Artist Andi Scull Cheatham had a professional job in the creative industry, but her true calling — to work with nonprofits — still beckoned.
She first worked as a volunteer, but when that wasn’t enough, she started her own nonprofit called the HOPE Campaign to connect creatives willing to offer their talents in-kind with charitable groups that would benefit from their help. HOPE stands for Helping Other People Everywhere, and that is hardly an exaggeration.
Cheatham came up with the idea in 2006 as a way for artists to raise awareness of the genocide in Darfur. Today, the effort in Darfur is among a dozen HOPE Partner Projects, causes led by other nonprofits that are supported by the campaign. Many are in Africa, including Rwanda, where a HOPE video team produced an educational video about the 1994 genocide and its aftermath.
Producers on the ground in Rwanda worked with team members in Los Angeles to pull the piece together. They relied on cloud-storage programs and high-speed connections to move video files across the globe, Cheatham explained.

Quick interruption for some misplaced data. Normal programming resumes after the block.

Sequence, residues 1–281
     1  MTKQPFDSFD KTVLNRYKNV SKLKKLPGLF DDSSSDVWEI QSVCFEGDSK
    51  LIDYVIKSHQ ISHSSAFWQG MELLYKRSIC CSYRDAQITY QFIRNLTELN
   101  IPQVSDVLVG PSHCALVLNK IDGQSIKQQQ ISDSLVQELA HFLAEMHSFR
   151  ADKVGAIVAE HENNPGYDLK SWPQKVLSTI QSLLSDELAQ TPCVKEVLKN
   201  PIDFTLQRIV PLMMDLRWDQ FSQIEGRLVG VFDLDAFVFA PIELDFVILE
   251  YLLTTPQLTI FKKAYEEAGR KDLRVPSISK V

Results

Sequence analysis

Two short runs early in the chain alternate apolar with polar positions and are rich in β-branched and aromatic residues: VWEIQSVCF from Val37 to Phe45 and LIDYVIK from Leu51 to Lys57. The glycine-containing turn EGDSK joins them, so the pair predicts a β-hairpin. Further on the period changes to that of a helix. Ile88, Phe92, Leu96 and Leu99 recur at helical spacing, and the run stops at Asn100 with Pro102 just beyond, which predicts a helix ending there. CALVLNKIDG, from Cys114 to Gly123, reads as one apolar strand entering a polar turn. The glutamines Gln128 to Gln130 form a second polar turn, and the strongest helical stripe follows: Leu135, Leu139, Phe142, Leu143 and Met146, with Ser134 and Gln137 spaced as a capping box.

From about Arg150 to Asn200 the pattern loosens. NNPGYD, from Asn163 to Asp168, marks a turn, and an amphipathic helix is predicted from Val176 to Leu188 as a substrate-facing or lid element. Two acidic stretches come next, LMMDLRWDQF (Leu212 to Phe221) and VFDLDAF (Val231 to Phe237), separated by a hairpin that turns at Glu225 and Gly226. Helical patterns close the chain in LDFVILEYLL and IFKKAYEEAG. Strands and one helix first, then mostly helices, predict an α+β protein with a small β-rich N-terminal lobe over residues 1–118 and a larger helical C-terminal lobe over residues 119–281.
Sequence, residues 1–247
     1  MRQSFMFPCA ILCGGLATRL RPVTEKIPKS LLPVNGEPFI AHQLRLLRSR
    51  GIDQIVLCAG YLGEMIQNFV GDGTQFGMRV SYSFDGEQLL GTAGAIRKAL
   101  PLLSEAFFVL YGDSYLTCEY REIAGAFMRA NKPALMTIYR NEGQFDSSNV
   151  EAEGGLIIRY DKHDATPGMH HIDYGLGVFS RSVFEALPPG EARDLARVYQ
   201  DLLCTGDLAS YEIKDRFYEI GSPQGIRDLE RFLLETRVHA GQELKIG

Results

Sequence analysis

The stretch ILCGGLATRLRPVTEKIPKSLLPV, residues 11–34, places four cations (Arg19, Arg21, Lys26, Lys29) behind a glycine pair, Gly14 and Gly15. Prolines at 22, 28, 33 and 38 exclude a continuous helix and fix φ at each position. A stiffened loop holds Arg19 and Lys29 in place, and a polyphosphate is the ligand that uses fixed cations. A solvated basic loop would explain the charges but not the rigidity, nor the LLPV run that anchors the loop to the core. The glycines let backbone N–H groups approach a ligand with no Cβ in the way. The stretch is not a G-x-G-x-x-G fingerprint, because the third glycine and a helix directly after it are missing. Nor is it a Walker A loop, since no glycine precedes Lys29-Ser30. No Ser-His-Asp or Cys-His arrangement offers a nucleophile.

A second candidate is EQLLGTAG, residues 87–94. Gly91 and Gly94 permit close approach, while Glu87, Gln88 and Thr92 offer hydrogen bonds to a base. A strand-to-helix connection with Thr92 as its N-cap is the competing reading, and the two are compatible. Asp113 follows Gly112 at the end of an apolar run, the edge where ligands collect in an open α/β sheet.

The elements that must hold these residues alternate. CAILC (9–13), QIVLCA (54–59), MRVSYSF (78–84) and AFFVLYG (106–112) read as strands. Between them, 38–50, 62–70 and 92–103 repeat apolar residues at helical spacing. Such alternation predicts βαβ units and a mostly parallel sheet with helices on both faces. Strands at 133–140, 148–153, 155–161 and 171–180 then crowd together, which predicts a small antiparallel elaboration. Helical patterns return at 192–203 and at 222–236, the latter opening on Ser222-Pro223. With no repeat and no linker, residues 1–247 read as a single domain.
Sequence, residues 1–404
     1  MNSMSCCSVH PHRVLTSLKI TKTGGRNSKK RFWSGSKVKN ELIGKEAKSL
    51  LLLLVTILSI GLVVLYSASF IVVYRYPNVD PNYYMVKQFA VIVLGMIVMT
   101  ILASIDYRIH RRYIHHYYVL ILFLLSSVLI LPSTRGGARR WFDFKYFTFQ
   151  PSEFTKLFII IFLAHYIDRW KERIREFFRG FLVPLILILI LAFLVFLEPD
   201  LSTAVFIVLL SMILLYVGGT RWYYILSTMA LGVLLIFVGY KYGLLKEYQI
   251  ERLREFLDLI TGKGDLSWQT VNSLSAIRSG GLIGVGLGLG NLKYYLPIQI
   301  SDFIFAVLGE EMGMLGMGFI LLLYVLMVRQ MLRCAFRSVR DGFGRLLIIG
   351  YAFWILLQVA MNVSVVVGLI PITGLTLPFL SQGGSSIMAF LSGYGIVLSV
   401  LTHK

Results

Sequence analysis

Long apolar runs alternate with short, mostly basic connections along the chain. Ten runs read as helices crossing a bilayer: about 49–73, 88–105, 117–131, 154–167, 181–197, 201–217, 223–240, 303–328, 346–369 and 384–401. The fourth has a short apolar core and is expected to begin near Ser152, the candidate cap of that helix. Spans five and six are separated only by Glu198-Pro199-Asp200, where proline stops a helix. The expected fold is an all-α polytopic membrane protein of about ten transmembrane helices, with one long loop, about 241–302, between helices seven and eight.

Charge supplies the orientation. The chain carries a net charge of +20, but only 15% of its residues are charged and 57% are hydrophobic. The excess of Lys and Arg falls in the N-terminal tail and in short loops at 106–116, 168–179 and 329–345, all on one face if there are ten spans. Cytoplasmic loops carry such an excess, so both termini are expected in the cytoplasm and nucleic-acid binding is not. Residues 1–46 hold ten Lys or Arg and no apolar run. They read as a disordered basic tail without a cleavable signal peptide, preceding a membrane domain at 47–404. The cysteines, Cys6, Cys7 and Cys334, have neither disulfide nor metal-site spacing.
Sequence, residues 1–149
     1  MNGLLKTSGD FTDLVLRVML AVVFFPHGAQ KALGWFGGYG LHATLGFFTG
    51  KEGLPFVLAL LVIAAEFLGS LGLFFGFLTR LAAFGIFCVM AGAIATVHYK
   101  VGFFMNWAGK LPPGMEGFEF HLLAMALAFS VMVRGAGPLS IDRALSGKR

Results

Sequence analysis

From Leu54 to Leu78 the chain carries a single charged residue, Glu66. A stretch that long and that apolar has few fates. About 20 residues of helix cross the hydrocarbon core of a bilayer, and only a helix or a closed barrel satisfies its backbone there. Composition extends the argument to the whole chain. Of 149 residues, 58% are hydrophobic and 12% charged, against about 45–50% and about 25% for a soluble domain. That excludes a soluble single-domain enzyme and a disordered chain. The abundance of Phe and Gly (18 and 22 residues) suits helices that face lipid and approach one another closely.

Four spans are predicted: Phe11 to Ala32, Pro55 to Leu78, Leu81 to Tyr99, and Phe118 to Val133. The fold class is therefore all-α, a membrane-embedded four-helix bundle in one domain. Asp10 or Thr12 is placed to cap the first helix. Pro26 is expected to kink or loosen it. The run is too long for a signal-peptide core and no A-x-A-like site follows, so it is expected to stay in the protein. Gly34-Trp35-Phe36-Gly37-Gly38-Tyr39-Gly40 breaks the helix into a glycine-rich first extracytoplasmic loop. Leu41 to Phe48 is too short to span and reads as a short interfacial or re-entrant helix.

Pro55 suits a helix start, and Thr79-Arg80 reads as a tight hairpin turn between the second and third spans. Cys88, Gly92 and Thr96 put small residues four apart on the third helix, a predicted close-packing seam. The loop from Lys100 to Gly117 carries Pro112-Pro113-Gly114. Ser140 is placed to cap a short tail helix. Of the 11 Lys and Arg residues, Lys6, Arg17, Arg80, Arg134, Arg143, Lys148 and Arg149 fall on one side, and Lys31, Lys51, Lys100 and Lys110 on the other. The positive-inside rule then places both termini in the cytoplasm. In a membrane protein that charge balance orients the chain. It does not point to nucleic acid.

“To have the end result of a piece educate the world about a need that’s going on for a project there — it’s unbelievable,” she said. “It’s really putting organizations like HOPE in a greater position to do even more good and make creatives’ contributions count as much as possible, which is really our goal.”
Cheatham discusses her belief in the creative class and her work with the HOPE Campaign in a recent video released by Dell as part of its “Celebrating Achievement Through Technology” campaign. Dell also recognized Mike Shinoda of Linkin Park.
Find out more about how technology is helping HOPE connect creatives with causes by clicking play:Tags: Giving,Lifestyle